The history of the Incas truly begins some 9000 years ago, when the first nomadic hunters entered the area now known as South America, dated by spearheads found on the southern tip of the continent in the Patagonia region (Metraux, 23.). However, it was not until the thirteenth century A.D. that the Inca empire would begin to arise in the central city of their eventual empire, Cuzco, located in the Andes Mountains in the southern part of contemporary Peru at an altitude of more than 11,000 feet (Metraux, 21).
Although the history of the Incas prior to their arrival in the Cuzco valley is not evident in any archaeological finds, legend tells of the first man and woman arising from Lake Titicaca, about 250 miles to the southeast of Cuzco, seeming to indicate local origin of the tribe (Baudin, 29). Another theory, which refutes the idea of indigenous origin, is that of Polynesian decent, formed on the basis of both Indian legend and linguistic similarities. The legend states that on the northern coast of Peru once landed a great chief, already ruler of an advanced civilization, who eventually situated his people inland and had a "long and prosperous reign," about which there is no further information (Baudin, 33). However, anthropologists who subscribe to this theory state that the landing site alone provides enough information to deduce that the migration of these legendary people must have originated in the west, perhaps Fiji or Easter Island, and not in southern Peru, as if this had been the point of origin for rafts following the coast, they most likely would have stopped at the attractive port of Tumbez, as did conquistador Francisco Pizarro (Baudin, 33). Furthermore, there are many linguistic similarities between the Maori language, a Polynesian tribe from New Zealand, and the Quechua language used by the Incas--including the word inca , meaning emperor or warrior in both languages (Baudin, 36).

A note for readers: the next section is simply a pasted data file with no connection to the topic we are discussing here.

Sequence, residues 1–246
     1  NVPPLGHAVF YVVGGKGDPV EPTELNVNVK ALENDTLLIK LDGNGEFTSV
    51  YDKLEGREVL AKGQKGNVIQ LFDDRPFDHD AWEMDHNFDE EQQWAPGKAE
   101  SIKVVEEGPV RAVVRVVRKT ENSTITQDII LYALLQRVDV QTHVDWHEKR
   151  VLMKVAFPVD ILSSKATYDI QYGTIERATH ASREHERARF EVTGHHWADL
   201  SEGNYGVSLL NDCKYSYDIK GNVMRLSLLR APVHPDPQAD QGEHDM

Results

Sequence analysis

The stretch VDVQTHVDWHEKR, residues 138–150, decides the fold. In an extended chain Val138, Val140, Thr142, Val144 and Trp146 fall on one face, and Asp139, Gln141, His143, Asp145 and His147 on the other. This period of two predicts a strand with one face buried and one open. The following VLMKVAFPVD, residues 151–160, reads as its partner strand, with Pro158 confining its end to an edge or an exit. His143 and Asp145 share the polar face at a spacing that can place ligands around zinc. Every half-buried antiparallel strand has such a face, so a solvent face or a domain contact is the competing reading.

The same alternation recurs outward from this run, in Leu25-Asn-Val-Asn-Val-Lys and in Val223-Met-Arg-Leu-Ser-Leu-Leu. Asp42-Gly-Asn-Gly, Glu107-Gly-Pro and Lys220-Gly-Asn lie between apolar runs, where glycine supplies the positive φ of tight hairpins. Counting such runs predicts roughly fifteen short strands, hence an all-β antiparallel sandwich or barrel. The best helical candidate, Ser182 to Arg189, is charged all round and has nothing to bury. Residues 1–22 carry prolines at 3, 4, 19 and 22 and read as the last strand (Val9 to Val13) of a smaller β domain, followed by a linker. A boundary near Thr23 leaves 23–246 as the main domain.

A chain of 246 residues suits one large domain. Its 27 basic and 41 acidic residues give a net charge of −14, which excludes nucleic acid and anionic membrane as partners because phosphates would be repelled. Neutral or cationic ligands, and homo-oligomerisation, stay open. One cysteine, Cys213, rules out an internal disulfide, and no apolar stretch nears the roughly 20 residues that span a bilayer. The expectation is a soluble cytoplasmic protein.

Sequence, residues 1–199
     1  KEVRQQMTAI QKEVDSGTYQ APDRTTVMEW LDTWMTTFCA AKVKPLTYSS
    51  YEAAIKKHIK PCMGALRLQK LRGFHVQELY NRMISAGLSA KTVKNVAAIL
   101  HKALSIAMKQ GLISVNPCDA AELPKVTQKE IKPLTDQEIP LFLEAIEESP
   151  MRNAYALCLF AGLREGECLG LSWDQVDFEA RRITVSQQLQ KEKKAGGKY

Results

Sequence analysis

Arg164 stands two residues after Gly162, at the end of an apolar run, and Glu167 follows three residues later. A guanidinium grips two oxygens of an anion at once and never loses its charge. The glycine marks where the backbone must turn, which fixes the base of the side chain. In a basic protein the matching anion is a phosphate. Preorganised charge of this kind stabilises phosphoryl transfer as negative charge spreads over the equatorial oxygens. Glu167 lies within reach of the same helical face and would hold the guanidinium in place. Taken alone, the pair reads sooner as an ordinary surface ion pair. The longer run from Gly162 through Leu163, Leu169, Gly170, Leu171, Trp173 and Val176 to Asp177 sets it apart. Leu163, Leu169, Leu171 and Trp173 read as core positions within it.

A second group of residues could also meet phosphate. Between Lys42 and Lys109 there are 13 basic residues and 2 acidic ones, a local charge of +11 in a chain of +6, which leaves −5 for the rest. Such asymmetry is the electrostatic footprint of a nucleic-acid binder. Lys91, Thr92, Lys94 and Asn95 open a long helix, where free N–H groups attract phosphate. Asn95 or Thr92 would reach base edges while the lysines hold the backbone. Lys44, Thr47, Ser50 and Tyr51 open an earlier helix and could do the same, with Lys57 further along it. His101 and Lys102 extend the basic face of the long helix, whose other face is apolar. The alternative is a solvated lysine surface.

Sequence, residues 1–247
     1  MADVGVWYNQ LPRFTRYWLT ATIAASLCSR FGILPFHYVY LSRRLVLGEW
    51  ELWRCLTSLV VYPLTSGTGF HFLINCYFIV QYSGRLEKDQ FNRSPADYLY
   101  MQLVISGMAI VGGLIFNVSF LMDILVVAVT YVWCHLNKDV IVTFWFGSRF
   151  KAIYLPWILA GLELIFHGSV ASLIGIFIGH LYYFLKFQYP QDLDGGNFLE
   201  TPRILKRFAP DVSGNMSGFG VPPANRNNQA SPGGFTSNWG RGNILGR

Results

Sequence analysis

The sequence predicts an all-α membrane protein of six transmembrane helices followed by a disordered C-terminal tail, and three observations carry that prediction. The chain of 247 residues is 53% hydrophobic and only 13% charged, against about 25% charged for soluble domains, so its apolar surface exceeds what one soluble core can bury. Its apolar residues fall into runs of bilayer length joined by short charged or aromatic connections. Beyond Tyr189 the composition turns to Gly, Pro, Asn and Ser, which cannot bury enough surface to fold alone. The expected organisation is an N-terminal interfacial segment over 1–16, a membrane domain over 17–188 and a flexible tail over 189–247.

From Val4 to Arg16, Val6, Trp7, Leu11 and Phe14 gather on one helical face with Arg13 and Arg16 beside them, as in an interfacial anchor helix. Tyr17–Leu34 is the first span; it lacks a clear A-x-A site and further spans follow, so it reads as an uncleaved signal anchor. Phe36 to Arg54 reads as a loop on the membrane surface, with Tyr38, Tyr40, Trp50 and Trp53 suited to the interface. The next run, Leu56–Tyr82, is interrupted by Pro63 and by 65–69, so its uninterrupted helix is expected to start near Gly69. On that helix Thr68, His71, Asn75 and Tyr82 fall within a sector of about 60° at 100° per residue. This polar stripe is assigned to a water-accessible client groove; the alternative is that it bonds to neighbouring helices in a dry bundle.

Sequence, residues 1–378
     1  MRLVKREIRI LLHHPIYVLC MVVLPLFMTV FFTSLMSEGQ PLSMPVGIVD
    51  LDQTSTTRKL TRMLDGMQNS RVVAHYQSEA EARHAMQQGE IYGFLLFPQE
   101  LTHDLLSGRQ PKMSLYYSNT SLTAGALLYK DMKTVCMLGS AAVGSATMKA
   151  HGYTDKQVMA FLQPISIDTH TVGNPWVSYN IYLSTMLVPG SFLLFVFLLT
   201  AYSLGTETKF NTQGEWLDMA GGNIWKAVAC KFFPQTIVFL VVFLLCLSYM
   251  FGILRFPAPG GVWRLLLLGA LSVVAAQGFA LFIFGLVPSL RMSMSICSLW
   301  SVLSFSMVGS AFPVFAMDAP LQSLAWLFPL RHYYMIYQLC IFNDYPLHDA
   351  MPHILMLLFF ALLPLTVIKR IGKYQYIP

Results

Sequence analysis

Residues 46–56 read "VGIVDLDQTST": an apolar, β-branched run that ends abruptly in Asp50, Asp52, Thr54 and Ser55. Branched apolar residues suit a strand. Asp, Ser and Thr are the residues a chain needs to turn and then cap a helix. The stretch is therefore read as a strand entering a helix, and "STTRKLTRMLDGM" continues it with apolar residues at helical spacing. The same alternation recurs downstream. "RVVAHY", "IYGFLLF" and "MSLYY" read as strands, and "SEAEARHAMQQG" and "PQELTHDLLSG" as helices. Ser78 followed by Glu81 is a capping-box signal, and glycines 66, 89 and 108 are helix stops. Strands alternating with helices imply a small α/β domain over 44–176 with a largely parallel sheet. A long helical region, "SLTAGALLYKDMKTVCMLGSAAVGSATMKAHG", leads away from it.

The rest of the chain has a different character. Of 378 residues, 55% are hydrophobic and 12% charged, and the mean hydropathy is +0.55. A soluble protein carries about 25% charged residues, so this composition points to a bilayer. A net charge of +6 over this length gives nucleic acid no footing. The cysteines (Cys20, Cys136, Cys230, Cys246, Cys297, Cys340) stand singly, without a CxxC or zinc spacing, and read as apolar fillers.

From Josh Marcy's, Topher Wilkins' and Adam Tarnoff's ID1 paper.